The Staircase of Happiness

Happiness is a staircase. Happiness is the ultimate goal of the human race. It is sought after and worked for, but spending all of one’s time and effort in doing so completely misses the key to happiness. Happiness is not something that is just a future possibility, but a present reality. While greater and more long lasting happiness should be worked for, it is imperative to enjoy the happiness of today. Otherwise, the benefits and fruits of all our hard work will never be appreciated. What’s the point in working on something if you will never enjoy its benefits or journey along the way? Why perpetually cook a meal that will never be enjoyed? Over the 17 year course of my life, I have come to realize these truths. While I continue to strive for greater goals, I try to be content and happy in the moment.

When I was younger, I always wanted more and I always wanted better. I continuously begged my dad to teach me how to ride a bike at four years old, and after weeks of practice I accomplished that goal. Smiling back at my dad after he let go of the bike, I achieved that happiness for a small moment in time. But just days later, riding a bike no longer filled me with that same happiness. I saw my neighbor riding his bike with no hands, and I decided that was what I wanted to do next. That would bring me happiness. While this feat took much longer to accomplish, it yielded the same result as before: momentary happiness that faded off, in search of a new goal. I was accomplishing my goals, but I was running up the staircase. Each step is a piece of happiness, and as they ascend, they become pieces of larger happiness. Running up the staircase meant my foot would only contact the step for a split second before lifting in search of bigger steps. And while speeding up the staircase, I was unable to enjoy the ascension. In fact, it made me tired.

Today, I ascend the staircase much differently. Instead of bolting up the staircase without enjoying the process, I now firmly plant one foot into my current state of happiness, and lift the other foot in search of a higher and larger step. In the present moment, I am happy. I have accomplished many of my early goals, but more importantly I enjoy the ascension up the steps. Because I am not bolting up the steps, I am able to gaze out upon the steps below me: my accomplishments. That A on the history test was an accomplishment itself that made me happy in that moment, but it was also part of the journey toward larger steps of happiness. My formal education exists to provide me with endless opportunities so that I can be even happier later in life. But viewing the past and education only as working toward happiness will never result in happiness. While doing math homework is definitely not a source of my happiness, I must appreciate the happiness that it will bring me later, but also acknowledge the positives in the moment; I am succeeding and maybe listening to a favorite song. In that moment, most of the happiness depends on my view of it. I can try to eradicate the small source of frustration and allow my future happiness to diminish in size, or I can enjoy the little pieces of happiness in that moment and work toward a better and brighter future.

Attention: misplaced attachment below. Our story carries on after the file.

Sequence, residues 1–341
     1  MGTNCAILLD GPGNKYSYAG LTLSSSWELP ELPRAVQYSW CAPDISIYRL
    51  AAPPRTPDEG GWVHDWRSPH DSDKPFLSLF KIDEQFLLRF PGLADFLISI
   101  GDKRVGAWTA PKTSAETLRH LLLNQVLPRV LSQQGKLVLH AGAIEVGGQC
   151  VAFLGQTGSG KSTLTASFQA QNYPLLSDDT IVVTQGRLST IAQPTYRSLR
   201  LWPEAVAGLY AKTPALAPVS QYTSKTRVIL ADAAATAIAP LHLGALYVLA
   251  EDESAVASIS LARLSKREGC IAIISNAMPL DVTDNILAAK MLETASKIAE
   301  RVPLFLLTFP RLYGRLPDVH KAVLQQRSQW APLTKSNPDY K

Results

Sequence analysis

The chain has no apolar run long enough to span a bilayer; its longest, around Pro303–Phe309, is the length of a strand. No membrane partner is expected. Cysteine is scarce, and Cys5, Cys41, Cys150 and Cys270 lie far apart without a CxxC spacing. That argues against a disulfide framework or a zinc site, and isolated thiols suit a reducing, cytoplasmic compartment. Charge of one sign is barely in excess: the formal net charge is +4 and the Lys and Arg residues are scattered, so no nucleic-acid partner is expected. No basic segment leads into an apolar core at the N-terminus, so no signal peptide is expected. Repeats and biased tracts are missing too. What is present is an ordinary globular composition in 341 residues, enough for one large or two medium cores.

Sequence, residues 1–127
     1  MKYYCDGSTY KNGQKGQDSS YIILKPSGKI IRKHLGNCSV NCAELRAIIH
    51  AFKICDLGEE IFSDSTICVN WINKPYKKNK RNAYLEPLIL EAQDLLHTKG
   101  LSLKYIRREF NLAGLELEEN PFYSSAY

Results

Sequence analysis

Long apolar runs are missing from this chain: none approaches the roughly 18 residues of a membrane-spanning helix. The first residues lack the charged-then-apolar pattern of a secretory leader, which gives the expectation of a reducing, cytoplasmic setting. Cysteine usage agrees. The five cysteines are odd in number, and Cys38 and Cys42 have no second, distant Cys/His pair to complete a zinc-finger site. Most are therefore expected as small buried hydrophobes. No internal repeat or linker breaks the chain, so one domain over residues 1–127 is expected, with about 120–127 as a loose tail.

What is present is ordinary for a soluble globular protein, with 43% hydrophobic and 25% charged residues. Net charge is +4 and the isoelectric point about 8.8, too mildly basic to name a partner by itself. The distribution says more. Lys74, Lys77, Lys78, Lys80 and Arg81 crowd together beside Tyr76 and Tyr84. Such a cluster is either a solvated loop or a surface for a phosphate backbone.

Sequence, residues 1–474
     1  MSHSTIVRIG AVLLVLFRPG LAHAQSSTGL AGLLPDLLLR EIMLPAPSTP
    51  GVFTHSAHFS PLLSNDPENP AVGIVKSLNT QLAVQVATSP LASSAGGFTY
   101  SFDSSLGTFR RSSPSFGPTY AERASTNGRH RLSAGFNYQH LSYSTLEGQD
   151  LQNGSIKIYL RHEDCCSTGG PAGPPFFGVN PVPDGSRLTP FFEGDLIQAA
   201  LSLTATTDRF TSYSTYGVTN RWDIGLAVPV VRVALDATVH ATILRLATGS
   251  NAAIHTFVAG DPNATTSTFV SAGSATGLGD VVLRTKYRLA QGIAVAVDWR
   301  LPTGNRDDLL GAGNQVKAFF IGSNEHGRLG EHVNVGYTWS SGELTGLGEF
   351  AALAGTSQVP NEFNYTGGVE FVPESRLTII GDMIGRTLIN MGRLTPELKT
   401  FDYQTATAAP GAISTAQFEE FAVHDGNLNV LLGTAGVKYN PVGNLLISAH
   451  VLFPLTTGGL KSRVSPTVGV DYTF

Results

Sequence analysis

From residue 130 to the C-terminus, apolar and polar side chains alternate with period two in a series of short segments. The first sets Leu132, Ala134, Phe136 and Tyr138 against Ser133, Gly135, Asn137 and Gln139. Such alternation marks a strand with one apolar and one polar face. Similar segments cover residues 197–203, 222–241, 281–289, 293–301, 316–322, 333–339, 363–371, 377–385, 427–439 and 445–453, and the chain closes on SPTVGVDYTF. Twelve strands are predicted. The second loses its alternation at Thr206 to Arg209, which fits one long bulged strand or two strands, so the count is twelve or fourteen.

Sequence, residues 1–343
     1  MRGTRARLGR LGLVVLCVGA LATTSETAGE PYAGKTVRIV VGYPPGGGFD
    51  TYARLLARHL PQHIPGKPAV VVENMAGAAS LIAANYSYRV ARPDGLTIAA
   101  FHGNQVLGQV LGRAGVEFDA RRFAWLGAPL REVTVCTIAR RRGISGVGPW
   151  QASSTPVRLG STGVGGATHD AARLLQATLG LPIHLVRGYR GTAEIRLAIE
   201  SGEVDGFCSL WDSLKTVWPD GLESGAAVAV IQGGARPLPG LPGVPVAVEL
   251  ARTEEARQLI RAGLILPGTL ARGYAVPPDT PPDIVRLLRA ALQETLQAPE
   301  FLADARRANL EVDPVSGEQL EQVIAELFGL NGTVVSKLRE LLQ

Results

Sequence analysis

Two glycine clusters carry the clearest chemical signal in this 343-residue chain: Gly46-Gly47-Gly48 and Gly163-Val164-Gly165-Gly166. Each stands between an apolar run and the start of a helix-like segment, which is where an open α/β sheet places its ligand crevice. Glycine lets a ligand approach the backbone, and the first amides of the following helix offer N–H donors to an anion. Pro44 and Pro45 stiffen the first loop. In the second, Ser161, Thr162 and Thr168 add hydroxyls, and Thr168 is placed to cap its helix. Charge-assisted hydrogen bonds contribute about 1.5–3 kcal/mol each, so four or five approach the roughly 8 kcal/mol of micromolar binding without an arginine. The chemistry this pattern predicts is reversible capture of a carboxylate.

On the staircase, I can also see the happiness that lies ahead, something I must work for. And while simultaneously observing my past achievements and future goals, I can pause and enjoy my current state of happiness. I have accumulated good grades, spent time with friends, and explored my interests so far in life. In those moments, I lived in the moment. Enjoying those little moments and being able to forget about the rest of the world and the future is key to achieving happiness. While continuously living in the moment can be dangerous, it must be done at certain times. Always living in the moment can lead to less work toward future happiness, meaning it is pausing on one step for too long and letting the higher and larger steps disappear. Never living in the moment is rushing up the steps like I did as a child, which never allows a full enjoyment of happiness. What I have learned is to find a certain balance on the amount of time I stay on one step depending on what that step may be. I will stay on the step of being accepted into college longer than getting an A on a Spanish quiz.

What lies ahead is a journey to expand my horizons, and enjoy even greater happiness in the future. But what makes happiness a staircase and not a hamster wheel is that I will enjoy every step of happiness along the way, and as I ascend higher into the skies of happiness, I will never forget how I got there: slow, appreciative, content, and determined. One step at a time, I will continue to rise. I will be happier one day, but I am happy now.

A Week on the Border: Simple Gestures

Here is the first installment in the “A Week on the Border” series. This happens to be a reflection I wrote for theology class.

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Over February break I traveled to San Diego and Tecate, Mexico as part of the Global Encounter program. As the week progressed, I gained knowledge and perspectives on some of the most important issues of today. When I first stepped off the plane into the beautiful and majestic San Diego airport, I didn’t know what to expect. I chose the trip for a few reasons: to learn about immigration firsthand, to help those in need, to take a break from the frigid New England weather, and to enjoy a week with my fellow classmates. Not only were these hopes and expectations met, they were completely surpassed.